We do expect in 2024 market mechanisms to start crystallizing in these major economies like Taiwan, for example, and of course the US is on its own journey with the Inflation Reduction Act (IRA). I do think 2024 will be a pivotal year. It will give us clarity on how big the markets are and what price levels they are able to support, most of which is going to be done through government subsidies in those markets. So that also means that the commercial space for these to be economic will also be limited.

Our approach is that we want to make these value chains from a levelized cost of production of either hydrogen or ammonia as competitive as possible so we have the highest chance of competing in those markets when these mechanisms are announced.

Q: You mentioned earlier Duqm and the potential partners there. Is Shell working towards partnering with either specific industries or companies?

A: Absolutely. So, we’re doing a number of things with Duqm. Obviously, we’re developing blue hydrogen in Duqm, so we have become in a way an industrial tenant ourselves. We are working with the port and the free zone authority on a master plan for decarbonizing Duqm, turning it into a low-carbon industrial and export complex.

And then we’re talking to existing and potential investors in Duqm. Primarily those value chains that are both hydrogen-dependent and hard to abate: you can think of chemicals, you can think of steel, you could also think in this context of CCS [carbon capture and storage], particularly on pre-combustion emissions. There are synergies between what we’re trying to do for blue [hydrogen], and the needs of customers in Duqm to decarbonize.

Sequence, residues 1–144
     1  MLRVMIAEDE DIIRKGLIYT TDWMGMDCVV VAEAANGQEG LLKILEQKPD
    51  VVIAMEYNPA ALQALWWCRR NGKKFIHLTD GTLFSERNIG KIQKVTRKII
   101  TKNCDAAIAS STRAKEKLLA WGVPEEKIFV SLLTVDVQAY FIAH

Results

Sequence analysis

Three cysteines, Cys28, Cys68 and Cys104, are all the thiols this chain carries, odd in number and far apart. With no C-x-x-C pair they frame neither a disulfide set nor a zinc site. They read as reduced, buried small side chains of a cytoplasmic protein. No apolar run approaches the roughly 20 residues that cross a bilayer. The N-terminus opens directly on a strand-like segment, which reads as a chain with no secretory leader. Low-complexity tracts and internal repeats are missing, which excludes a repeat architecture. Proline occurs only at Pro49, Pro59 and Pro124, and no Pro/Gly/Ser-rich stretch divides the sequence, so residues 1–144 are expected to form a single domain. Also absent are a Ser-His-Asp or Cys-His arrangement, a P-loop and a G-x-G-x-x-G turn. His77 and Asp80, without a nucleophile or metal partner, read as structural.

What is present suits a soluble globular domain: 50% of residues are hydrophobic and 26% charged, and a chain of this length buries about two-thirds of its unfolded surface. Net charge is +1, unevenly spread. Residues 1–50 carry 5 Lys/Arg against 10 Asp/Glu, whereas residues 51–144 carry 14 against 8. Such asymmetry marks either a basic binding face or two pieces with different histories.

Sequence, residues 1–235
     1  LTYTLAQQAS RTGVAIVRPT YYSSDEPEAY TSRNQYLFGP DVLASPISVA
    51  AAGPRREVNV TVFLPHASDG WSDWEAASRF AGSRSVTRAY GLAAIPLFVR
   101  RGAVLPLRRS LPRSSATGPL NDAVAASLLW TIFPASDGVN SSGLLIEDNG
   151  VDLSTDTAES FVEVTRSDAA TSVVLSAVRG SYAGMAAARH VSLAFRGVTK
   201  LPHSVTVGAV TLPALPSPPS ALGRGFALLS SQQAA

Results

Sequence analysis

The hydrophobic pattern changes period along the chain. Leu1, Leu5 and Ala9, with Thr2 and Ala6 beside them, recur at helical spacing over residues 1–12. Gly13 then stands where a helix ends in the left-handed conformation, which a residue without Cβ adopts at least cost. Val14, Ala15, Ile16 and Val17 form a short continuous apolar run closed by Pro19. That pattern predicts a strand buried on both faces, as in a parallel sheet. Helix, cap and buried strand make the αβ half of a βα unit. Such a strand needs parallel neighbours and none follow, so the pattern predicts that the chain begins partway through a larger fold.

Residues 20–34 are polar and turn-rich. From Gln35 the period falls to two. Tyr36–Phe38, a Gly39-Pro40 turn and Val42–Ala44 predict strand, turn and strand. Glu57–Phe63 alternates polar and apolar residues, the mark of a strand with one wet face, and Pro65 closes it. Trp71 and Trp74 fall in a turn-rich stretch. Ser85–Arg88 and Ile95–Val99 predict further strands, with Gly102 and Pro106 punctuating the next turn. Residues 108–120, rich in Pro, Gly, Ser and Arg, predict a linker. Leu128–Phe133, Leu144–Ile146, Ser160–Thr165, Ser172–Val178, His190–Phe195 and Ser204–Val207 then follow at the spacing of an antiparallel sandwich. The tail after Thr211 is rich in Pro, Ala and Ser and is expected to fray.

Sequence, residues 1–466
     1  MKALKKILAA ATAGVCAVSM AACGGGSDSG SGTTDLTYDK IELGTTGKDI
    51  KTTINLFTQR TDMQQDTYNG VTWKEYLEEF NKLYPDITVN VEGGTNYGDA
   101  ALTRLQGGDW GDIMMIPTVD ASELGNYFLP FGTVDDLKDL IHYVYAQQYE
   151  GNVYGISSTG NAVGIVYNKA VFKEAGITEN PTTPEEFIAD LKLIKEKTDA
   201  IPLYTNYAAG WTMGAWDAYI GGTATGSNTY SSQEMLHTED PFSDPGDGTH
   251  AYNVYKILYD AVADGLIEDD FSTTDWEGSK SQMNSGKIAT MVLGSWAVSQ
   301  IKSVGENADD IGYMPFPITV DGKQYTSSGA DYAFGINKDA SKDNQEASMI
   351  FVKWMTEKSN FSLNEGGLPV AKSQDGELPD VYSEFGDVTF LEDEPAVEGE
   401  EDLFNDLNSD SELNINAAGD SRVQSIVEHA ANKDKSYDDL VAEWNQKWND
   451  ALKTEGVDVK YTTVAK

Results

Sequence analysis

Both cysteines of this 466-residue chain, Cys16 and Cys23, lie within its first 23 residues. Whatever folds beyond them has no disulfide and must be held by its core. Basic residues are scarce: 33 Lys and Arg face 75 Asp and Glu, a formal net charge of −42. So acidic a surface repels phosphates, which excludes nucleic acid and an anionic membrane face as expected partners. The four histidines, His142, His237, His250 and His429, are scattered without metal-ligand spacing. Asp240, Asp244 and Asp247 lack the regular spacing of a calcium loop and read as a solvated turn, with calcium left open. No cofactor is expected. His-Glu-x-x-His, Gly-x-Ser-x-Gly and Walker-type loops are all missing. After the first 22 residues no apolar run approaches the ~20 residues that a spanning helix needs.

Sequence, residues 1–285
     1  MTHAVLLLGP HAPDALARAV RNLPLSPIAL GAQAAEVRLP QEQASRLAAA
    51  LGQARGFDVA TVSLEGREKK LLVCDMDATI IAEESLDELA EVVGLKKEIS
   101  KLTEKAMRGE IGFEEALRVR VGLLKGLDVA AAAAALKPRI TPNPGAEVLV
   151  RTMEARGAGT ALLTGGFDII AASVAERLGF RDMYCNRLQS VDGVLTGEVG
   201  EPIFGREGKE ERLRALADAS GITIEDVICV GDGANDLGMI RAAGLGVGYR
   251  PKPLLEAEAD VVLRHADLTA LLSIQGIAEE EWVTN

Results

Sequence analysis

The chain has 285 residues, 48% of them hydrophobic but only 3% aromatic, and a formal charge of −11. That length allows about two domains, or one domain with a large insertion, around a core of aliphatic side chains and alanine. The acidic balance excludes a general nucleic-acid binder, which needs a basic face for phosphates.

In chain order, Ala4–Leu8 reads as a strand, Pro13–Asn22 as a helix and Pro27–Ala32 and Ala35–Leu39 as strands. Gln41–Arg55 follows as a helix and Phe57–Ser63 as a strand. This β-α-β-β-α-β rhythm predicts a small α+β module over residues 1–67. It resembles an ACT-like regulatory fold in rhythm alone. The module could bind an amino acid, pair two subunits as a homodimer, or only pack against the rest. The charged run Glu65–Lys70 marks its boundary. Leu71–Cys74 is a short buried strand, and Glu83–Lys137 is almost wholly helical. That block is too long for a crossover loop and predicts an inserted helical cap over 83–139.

It is at serious but still early stages of maturity, primarily given the uncertainty in the market. But because in Duqm you’re doing it new, unlike for example at Sohar, it enables us to start with carbon resilience in mind rather than primarily retrofitting solutions for existing industrial complexes. For this reason Duqm is an exciting story for Oman.

Q: I wanted to also ask about gas, because gas in Oman has seen a renaissance in recent years. It is a large part of your upstream presence in Oman, how much potential do you see in both Blocks 10 and 11?